The Enthusiast Gamer is all about using cost-effective hardware to net you a system that's suitable for premium 1080p gaming (or even 1440p with a GPU upgrade), has all or most of the latest features, and will last for a long time. It's also VR ready, meeting or exceeding the minimum specifications of the HTC Vive and Oculus Rift headsets. It's what we would consider the go-to component choices for most enthusiasts.
| ||Product||UK price (inc VAT)||US price (ex tax)|
|CPU||AMD Ryzen 5 1400||£170||$170|
|Motherboard||Gigabyte AB350-Gaming 3||£105||$110|
|Memory||16GB (2 x 8GB) 3,000MHz DDR4||£120||$120|
|Graphics card||Sapphire Radeon RX 580 Nitro Pulse 8GB||£220||$230|
|CPU cooler||MSI Core Frozr L||£50||$50|
|Storage (primary)||Crucial MX300 525GB||£135||$150|
|Storage (secondary)||2TB SATA 6Gbps HDD||£65||$70|
|Case||Phanteks Enthoo Pro M||£70||$70|
| ||Total price||£995||$1,050|
We again wanted to lower the price of this system. £1,100 was the cost of the previous configuration, whereas £1,000 was our new target, and this time we just about managed it.
The major change here is a move from Intel to AMD's new Ryzen platform. Our CPU of choice is the Ryzen 5 1400, the lowliest of the bunch but still a CPU with four cores and eight threads. Now, these run slower than they do on the four-core/four-thead Intel Core i5-7600K
, and even if you overclock the Ryzen CPU this will be true, but the multi-theading on AMD's chip has the potential to be very beneficial, and we've saved £50 in this choice of CPU as well. If you won't be overclocking, consider the £190 Ryzen 5 1500X, which has higher base, boost, and XFR frequencies, so will always be faster out of the box. Honestly, a Core i5-7600K would still be a great choice here, and overclocking will make up some of its deficit in multi-threaded workloads. However, cost is still a primary factor in this system, and Ryzen really excels in value for money versus Intel.
For the motherboard, we've gone for the Gigabyte AB350-Gaming 3
, which won our Recommended award and costs the same as entry-level Z270 boards. The B350 chipset only lacks in a few areas compared to the X370 one (multi-GPU being the main one), and our sample at least didn't fall short in overclocking, so your chip is likely to be the bottleneck here. This motherboard also has good onboard sound, M.2 support, and USB 3.1 Gen2 (although only Type-A ports).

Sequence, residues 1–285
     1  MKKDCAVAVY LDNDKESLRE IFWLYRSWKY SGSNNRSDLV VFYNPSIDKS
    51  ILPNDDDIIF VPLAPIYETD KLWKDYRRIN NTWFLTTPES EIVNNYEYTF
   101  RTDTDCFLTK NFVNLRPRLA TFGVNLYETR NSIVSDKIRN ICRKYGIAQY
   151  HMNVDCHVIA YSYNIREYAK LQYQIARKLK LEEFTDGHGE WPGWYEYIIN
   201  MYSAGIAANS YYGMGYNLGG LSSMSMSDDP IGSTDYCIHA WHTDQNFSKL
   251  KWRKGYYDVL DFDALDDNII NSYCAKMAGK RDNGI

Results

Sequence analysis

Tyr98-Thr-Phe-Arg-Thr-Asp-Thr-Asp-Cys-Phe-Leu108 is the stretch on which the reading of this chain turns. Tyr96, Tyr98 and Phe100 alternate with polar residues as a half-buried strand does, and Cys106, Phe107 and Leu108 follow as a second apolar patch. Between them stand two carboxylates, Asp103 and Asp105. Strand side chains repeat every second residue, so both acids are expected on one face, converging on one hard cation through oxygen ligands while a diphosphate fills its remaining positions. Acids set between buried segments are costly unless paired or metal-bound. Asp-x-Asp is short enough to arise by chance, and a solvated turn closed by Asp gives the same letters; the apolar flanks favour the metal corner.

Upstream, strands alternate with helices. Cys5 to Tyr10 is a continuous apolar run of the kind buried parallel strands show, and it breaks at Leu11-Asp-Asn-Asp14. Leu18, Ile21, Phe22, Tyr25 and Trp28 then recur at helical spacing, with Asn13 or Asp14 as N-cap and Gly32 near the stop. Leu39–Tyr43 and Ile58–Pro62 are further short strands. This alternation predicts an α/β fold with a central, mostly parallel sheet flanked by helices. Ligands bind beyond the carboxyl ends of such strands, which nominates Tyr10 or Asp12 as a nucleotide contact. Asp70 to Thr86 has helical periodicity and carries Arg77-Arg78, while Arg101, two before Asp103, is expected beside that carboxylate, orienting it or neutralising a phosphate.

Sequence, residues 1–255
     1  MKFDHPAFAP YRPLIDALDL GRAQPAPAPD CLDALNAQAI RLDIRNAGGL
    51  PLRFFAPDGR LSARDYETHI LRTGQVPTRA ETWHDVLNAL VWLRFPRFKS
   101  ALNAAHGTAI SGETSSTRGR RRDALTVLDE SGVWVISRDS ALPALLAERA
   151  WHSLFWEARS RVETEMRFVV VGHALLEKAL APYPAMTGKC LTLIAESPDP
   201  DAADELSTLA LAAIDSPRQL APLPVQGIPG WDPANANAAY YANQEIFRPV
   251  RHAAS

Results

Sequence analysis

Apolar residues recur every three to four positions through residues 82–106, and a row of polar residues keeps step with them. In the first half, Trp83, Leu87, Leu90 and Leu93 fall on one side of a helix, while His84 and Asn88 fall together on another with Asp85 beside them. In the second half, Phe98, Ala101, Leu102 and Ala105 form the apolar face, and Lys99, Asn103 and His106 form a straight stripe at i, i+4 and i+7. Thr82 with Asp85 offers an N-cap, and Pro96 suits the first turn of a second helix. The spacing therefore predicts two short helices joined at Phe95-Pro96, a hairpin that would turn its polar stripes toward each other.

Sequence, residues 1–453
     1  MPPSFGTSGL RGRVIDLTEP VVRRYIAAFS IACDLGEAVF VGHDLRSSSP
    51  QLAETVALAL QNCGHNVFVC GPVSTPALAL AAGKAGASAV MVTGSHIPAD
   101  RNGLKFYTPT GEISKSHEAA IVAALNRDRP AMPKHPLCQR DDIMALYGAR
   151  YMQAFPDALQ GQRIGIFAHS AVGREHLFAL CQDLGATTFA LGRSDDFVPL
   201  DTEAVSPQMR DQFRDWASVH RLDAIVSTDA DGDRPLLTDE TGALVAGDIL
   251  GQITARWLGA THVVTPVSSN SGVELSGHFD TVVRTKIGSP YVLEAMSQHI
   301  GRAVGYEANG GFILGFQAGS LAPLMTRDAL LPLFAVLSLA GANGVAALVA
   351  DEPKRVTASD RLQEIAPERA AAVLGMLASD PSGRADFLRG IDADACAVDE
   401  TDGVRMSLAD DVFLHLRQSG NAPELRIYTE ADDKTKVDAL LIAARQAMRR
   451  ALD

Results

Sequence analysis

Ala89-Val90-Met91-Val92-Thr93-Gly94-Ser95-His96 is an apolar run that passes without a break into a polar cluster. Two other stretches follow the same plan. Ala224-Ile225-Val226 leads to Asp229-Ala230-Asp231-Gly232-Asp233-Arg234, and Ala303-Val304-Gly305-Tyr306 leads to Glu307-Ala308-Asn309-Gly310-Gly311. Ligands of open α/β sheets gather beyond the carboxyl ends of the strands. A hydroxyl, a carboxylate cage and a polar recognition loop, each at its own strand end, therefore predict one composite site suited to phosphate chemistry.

Our 16GB of DDR4 is sadly £20 more expensive than before. There's little reason opting for anything beyond 3,000MHz on AMD, but do remember to set the memory frequency correctly in the BIOS.
The RX 480 8GB has been swapped for an RX 580 8GB, which is the same GPU just running at slightly faster speeds. It offers excellent 1080p performance and can even handle itself at 1440p and in VR. The Sapphire Pulse card has the same design as the Nitro+ RX 480
we used to recommend, but its boost clock is higher since it's an RX 580 now, and it's actually less expensive too. That said, you may be able to get an even better deal on outgoing RX 480 parts. This system also provides a solid base for future upgrades, as the GPU will continue to be the limit in games before anything else. The GTX 1070 is a big stretch in price, but if your budget is £1,200 instead of £1,000 then it would be the first place where we'd invest more. On the flip side, you could pick a 4GB RX 580 SKU to save cash, but only if you'll be sticking to 1080p for the foreseeable future.
The power supply has actually gone down in price; £60 is very good value for what you get here (80 Plus Gold and semi-modular). We've tested the CS550M
ourselves so can vouch for its quality.
We've ditched our all-in-one liquid cooler for a decent air cooler, the MSI Core Frozr L
, which has AM4 support out of the box and performs well without getting too loud. If you're set on liquid, however, we recommend the Arctic Freezer
series for a solid combination of simple design, high performance, and decent noise levels.
We've also gone from the tempered glass version
of our Phanteks case to the normal one
, as the glass is more of a luxury. We think it's a compelling upgrade, but in the interest of our £1,000 budget, we decided we could do without it. The NZXT S340
is another case well worth looking at if you're not keen on our choice here, and it too has a glass version, the NZXT S340 Elite
, if you've a little extra cash to play with.
The storage choice is the same (although pricing is higher for the SSD) and prioritises capacity over speed; NVMe SSDs are too expensive for what they offer for this system and have virtually no benefit in games. Our SSD/HDD combination lets you install half a dozen or more modern games comfortably on your boot drive, with many more backed up to the 2TB mass storage hard disk.